The summer before he killed himself, my father assigned me a reading list that was fairly daunting for a 12-year-old. “Catcher in the Rye” was on it, and some Frost poems, and a short history of the Civil War, and Kenneth Clark’s “Civilization,” which I still haven’t finished. “Julius Caesar” was the highlight. The list was my initiation into the high-ceilinged sanctum of my parents’ study, the grown-up world of books and ideas. Then it became my father’s legacy. In despair over his paralysis from a stroke, he left the house one Monday in December and never came back.
In the months after his suicide I became obsessed by the idea that I now had to read every book in the world, because my father was no longer there to assign me some and not others. This prospect sent my head spinning. Sometimes, lying on my bed, I would become aware of my thoughts as if I were reading them in a book and then imagine (I was taking a typing class at school) my fingers hitting the keys that spelled out my ideas as I thought them.
I needed order, and it came from an unexpected place — the list of titles on the back of the Cliffs Notes guide to “Julius Caesar,” which I’d bought for advice in staging a backyard theatrical. This black-and-yellow friend of delinquent college students became my highest authority on great literature, and the number of books that had to be read suddenly dwindled to about two hundred: “Ivanhoe,” for example, and “Black Like Me” (but not “Remembrance of Things Past”). I sat down and assigned myself four listed titles a month, calculating that by the age of eighteen I would have read everything worth reading.
Almost immediately I fell behind (the Aeneid was heavy going), but the list itself wasn’t discredited by this failure — only I was. My father’s death had warped my relation to books — a love affair ever since “Where the Wild Things Are,” when I walked around the house for days believing I was Max — into something systematic and compulsory. I anesthetized the part of myself that was alive to literature’s capacity for shock, delight, terror. The simple telling of a story no longer held any value; now I had to master each book, which meant wrestling its theme down to a single sentence. This sentence was often buried somewhere in the text, and I would spend tormented hours digging it up — unless it was available on the Modern Library jacket, which, for example, told me that the theme of “Crime and Punishment” is that crime is its own punishment. Once I had the theme under control, I would underline the title on the Cliffs Notes list and move on.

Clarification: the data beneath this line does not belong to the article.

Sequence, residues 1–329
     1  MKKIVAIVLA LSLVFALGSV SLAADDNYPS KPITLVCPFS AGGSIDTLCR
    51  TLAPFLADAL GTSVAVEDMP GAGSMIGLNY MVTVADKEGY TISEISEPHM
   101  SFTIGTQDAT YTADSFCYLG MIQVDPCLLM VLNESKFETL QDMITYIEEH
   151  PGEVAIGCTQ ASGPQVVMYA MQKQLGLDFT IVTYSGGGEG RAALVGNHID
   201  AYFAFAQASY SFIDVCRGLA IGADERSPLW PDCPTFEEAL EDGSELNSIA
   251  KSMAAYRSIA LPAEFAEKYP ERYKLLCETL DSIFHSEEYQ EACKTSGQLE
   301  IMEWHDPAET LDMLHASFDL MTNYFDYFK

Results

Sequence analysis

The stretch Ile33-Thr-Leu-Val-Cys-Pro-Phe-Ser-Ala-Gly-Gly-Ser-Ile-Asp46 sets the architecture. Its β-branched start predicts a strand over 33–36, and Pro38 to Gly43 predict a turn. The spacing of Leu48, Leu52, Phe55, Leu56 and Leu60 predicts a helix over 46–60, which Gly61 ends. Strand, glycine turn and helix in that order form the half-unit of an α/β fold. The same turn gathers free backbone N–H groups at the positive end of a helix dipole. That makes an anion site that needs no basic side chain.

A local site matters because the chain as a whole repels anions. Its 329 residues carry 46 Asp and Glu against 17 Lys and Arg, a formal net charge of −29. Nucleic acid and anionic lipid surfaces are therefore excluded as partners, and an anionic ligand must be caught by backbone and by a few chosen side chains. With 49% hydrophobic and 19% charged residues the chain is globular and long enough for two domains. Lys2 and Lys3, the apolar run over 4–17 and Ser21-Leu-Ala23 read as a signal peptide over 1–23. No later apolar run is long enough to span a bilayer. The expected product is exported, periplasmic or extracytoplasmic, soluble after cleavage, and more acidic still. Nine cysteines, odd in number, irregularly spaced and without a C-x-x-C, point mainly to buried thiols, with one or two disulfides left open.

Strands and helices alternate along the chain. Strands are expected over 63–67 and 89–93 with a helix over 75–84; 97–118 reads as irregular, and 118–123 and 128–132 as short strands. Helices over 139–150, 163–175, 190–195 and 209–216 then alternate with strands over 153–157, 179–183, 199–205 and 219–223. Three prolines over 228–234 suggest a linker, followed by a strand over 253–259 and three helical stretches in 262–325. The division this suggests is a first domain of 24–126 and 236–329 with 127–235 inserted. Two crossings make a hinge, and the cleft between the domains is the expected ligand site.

It was as if, by plowing through the world’s great literature, I could keep the world itself at bay and stop the spinning in my head.
Ideally, reading means getting lost. The process of surrendering and then recovering the self might be the essence of growing up — being exposed to an alien world and, instead of being broken down and destroyed, absorbing it, making it your own. But that year, the thought of losing myself was quite real and frightening. I might plunge into the depths of a book and never come back up. “If phantasies become over-luxuriant and over-powerful,” Freud wrote, “the conditions are laid for an onset of neurosis or psychosis.” He added, ominously, “Here a broad by-path branches off into pathology.”
So I read and read, checking off titles and hoarding themes, without letting a germ enter my bloodstream.
At the same time, I was discovering an entirely different sort of literary pleasure. It had nothing to do with the rational education I was receiving at home and school, and it gave me the crucial intimation that ideas might be no match for the power of feeling. In the year of my father’s death I also came up with my own secret reading list. It included “Story of O,” “Lady Chatterley’s Lover,” and “Fanny Hill.” It involved researching key passages in “Fear of Flying” and “The Godfather.” The books originated, like all literature, in the study, but they ended up in the bathroom, where questions of theme never came up.
There was nothing abstract about this reading. Instead of demanding impossible feats of self-discipline, it permitted brief escape from the confines of my other, classics-mongering self. Its satisfactions were easily available and quite concrete. It presented the same, limited and always successful reading project every time. On the cover of “Story of O,” a critic called the book “a total literary experience.” I snickered at this piece of adult hypocrisy; my experience was something else.
In a coming-of-age letter he typed out for me the summer of the reading list, my father had suggested that if I found myself doing this “once a day, or even more,” I should talk about it with him or my mother. The suggestion seemed far-fetched, and the quota low. I carried out this secret reading like a criminal, pinning “Story of O” under my shirt as I made the dangerous journey from the bathroom down the hall back to the study, where I hastily returned “Pauline Reage” into the gap on the shelf and made sure her white spine was flush with those of her more respectable neighbors, to keep her (whoever she was) from betraying me.
In the summer of 1974, my mother took my sister and me to London. London meant ground zero of great books — half of the Cliffs Notes list came from London. But the literary experience I still remember from that summer involved neither Shakespeare nor Dickens.